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California Wildfires: U.S. Forest Service predicts that the situation will worsen

Historic heatwaves and raging wildfires have set the stage for a dangerous 2021 fire season. What areas has the US Forest Service predicted will be most impacted?

Historic heatwaves and raging wildfires have set the stage for a dangerous 2021 fire season. What areas has the Forest Service said will be most impacted?

This past weekend, much of the West experienced record-breaking temperatures.  In June, heatwaves across the Pacific Northwest broke records in cities like Portland, Oregon, known for their mild climate. With thermometers reading over 116 degrees, residents suffered as the city's temperatures typically stands around 75 degrees in early summer. 

In addition to heatwaves, California and other surrounding states have suffered from long and devastating fire seasons in recent years. Year after year, large fires, like the Camp Fire, which leveled the Northern California town of Paradise, are becoming a threat to more people and their communities.

Conditions are not expected to improve this year. On 1 July, the US Forest Service released its “National Significant Wildland Fire Potential Outlook,” which predicted that the West is at increased fire risk. This increase is driven partly by the fact that ninety percent of the area is experiencing drought conditions. 

With much of California predicted to experience a hotter summer, “Above normal significant fire potential is expected across muchNorthern California through August and in Southern California from July to September.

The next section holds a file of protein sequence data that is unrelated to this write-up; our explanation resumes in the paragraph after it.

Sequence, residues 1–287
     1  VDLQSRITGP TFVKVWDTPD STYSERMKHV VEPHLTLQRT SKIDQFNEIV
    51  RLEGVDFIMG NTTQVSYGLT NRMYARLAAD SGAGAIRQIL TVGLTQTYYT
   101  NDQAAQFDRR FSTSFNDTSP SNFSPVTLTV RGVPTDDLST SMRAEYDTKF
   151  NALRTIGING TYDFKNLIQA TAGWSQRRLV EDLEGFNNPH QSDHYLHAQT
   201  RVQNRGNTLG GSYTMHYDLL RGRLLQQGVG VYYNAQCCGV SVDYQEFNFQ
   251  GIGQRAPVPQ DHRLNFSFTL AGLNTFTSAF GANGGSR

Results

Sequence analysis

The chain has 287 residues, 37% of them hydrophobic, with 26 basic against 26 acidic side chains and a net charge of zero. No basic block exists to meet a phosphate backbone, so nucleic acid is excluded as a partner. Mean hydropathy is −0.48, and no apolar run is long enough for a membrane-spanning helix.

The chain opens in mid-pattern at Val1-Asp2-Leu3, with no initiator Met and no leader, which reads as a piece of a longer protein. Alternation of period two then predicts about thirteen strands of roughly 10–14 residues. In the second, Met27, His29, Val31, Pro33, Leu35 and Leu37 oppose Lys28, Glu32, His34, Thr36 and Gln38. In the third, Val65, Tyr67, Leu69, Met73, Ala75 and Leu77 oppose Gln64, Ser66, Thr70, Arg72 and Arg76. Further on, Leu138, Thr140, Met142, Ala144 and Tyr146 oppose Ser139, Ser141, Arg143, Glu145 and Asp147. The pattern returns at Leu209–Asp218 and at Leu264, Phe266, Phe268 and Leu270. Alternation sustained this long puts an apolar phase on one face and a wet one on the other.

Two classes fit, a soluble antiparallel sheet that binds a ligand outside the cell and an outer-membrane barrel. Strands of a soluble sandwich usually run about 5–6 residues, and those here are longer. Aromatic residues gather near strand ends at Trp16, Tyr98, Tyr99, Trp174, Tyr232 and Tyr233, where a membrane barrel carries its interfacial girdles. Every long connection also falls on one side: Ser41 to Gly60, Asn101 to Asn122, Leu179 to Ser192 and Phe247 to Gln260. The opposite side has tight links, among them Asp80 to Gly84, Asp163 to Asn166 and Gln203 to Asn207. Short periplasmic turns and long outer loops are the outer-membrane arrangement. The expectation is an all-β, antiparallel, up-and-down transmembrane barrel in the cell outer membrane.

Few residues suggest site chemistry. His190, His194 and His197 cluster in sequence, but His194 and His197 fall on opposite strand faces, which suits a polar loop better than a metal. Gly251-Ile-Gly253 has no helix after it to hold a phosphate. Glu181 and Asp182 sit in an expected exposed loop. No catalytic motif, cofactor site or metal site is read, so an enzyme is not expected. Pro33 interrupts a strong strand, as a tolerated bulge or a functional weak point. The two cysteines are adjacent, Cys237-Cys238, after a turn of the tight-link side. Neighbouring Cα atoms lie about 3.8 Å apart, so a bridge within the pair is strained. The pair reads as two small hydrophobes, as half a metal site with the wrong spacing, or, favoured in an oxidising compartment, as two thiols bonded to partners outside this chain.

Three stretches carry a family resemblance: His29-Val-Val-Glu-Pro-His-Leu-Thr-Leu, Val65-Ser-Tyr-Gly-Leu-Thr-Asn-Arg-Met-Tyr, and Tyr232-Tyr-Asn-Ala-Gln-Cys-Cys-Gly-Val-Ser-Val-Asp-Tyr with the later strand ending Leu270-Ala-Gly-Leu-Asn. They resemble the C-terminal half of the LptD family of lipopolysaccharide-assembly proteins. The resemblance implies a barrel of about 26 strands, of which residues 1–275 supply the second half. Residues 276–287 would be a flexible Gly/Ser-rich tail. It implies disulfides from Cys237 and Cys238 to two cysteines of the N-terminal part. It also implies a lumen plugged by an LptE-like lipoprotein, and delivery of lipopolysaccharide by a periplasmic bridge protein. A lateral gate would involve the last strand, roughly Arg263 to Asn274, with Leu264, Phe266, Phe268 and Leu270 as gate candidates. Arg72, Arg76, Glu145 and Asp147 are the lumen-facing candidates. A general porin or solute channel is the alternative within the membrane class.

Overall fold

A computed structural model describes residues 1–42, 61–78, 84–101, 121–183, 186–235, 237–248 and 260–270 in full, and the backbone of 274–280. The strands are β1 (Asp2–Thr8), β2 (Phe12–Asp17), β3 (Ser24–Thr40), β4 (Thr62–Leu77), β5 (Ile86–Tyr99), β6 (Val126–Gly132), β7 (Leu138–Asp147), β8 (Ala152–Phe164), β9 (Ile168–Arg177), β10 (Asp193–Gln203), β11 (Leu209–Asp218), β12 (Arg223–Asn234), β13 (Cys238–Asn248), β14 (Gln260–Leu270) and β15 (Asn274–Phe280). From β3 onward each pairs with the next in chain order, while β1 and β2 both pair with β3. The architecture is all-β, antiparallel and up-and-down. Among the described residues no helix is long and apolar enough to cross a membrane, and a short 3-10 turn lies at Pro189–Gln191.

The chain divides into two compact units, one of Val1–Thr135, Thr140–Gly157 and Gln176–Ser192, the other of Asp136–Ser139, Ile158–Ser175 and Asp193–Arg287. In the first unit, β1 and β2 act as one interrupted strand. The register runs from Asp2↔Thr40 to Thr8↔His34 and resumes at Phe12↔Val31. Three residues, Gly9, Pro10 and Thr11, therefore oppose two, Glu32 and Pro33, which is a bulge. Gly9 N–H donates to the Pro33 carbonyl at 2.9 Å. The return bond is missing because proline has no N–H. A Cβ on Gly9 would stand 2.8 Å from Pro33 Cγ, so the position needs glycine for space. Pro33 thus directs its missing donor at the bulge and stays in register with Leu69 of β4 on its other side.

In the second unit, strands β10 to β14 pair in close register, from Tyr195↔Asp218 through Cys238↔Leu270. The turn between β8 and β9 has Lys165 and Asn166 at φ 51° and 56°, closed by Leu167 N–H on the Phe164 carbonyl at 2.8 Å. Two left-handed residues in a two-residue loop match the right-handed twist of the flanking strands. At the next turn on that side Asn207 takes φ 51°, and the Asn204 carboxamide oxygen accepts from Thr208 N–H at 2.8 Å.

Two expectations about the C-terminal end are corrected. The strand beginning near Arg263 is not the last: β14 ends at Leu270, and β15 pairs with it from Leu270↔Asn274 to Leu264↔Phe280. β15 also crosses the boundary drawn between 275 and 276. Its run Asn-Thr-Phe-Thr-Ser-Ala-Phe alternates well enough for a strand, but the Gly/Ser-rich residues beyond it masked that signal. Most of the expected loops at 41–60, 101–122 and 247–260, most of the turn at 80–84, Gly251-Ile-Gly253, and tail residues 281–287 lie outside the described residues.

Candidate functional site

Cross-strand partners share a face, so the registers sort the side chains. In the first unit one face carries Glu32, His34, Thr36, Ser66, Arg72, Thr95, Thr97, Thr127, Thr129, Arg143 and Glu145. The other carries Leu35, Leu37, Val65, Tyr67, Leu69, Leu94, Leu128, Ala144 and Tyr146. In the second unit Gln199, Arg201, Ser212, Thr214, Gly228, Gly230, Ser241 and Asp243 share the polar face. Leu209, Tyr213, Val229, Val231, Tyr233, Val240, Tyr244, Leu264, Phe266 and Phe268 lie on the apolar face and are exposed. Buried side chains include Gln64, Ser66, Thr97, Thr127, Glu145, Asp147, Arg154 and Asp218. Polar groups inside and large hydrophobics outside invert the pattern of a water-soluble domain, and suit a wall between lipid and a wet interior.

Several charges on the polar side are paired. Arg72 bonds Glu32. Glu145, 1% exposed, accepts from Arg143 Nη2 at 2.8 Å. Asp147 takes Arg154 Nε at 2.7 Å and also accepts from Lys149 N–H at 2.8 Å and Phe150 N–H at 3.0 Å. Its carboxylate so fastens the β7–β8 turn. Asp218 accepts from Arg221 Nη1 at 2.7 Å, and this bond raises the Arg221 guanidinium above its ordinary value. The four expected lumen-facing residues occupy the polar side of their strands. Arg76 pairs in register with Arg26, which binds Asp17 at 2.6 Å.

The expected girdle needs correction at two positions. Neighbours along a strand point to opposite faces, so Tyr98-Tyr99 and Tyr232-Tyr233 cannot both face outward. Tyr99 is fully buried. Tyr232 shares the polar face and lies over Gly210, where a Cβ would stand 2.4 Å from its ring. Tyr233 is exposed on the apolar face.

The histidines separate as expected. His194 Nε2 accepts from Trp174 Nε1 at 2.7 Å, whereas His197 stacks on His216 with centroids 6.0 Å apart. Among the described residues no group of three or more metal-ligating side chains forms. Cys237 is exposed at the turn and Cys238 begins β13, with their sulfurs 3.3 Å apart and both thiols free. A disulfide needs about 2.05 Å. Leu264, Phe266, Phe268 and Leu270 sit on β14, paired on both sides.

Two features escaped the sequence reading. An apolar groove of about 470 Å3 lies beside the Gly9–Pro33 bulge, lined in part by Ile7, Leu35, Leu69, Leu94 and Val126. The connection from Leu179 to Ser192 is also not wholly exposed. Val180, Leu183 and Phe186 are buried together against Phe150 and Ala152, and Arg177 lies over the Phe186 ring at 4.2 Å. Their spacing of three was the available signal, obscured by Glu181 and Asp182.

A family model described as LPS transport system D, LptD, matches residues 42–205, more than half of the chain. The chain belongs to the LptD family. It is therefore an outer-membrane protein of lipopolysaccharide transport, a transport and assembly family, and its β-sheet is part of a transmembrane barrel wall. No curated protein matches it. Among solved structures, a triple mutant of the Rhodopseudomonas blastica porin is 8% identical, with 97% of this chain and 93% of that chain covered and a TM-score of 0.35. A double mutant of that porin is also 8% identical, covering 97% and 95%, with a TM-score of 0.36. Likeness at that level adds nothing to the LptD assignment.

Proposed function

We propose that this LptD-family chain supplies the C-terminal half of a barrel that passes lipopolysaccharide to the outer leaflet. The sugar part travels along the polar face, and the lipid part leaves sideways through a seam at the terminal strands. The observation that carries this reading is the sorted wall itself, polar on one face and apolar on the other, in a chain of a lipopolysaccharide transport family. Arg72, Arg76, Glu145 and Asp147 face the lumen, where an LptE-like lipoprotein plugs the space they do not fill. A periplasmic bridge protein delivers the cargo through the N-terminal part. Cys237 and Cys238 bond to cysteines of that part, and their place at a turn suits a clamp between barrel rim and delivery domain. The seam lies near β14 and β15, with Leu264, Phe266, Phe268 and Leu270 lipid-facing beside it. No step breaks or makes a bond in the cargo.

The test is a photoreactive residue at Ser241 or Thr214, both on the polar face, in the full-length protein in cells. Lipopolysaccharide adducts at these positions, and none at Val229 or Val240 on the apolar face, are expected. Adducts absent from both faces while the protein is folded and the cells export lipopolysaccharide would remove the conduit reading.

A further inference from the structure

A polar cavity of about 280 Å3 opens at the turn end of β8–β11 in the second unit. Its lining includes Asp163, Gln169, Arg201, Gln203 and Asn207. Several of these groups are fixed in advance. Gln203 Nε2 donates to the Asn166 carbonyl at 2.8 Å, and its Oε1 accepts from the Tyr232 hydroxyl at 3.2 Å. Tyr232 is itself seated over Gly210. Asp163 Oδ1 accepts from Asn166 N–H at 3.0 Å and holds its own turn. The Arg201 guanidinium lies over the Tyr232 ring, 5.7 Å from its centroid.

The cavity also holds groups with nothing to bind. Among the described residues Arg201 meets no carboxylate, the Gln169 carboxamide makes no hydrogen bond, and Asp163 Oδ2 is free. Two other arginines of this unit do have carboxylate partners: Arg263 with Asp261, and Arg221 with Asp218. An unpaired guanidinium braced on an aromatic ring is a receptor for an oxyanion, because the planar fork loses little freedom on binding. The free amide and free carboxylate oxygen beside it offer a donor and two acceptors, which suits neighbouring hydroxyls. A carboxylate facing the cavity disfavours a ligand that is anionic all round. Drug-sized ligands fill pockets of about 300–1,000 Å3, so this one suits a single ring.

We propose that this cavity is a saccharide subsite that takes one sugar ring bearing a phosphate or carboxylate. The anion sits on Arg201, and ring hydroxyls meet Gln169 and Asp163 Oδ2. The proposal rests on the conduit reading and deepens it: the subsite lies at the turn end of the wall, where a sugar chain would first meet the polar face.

The deserts and the San Joaquin Valley, which covers most of the interior part of the state, where the majority of agricultural production takes place, are predicted to have a “near normal significant fire potential.

Why are the fires getting worse?

While wildfires have long been a part of California history, but fire seasons in recent years have many residents questioning whether they are safe.

One way to mitigate larger fires is to burn smaller areas in a controlled way. This forest management tool prevents larger fires from burning through areas quickly, as the kindling it would use to gain power has already burned.

Many forestry experts state that the current crisis is related to failed policy choices made at the turn of the twentieth century. As more and more people moved West, the state government began to suppress wildfires, which Susie Kocher, a University of California forestry advisor, said has led to “a huge buildup of fuels and debris.”

A study published by UC Berkley showed that in the 1800s, around “some 4.5 million acres or more” would burn each year. With many communities establishing themselves in rural, fire-prone areas throughout the late 1800s and twentieth century, this scale of burning would be catastrophic. For reference, in 2020, 1.4 million acres burned, and the Director and Fire Chief of California described the season as “arguably, the worst fire year ever experienced on the west coast, and specifically in California.”

How much land has burned already?

According to Cal Fire, by 11 July 2020, almost 33,000 acres had burned as a result of 3,645 fires. This year, the state has reported more fires, 4,163, but overall less area, 18,771, has burned.

However, numbers will soon rise because the Beckwourth Complex fire has burned more than 86,000 acres and is only nine percent contained. The Beckwourth fire increased in strength quickly because it is the combination of two individual fires that merged.

More than 1,200 firefighters are combating the blaze. Officials had published evacuation orders early last week that were lifted for more than 3,000 residents Saturday. Those in the area were told that they could be asked to evacuate again if the fire could not be contained and shifts course.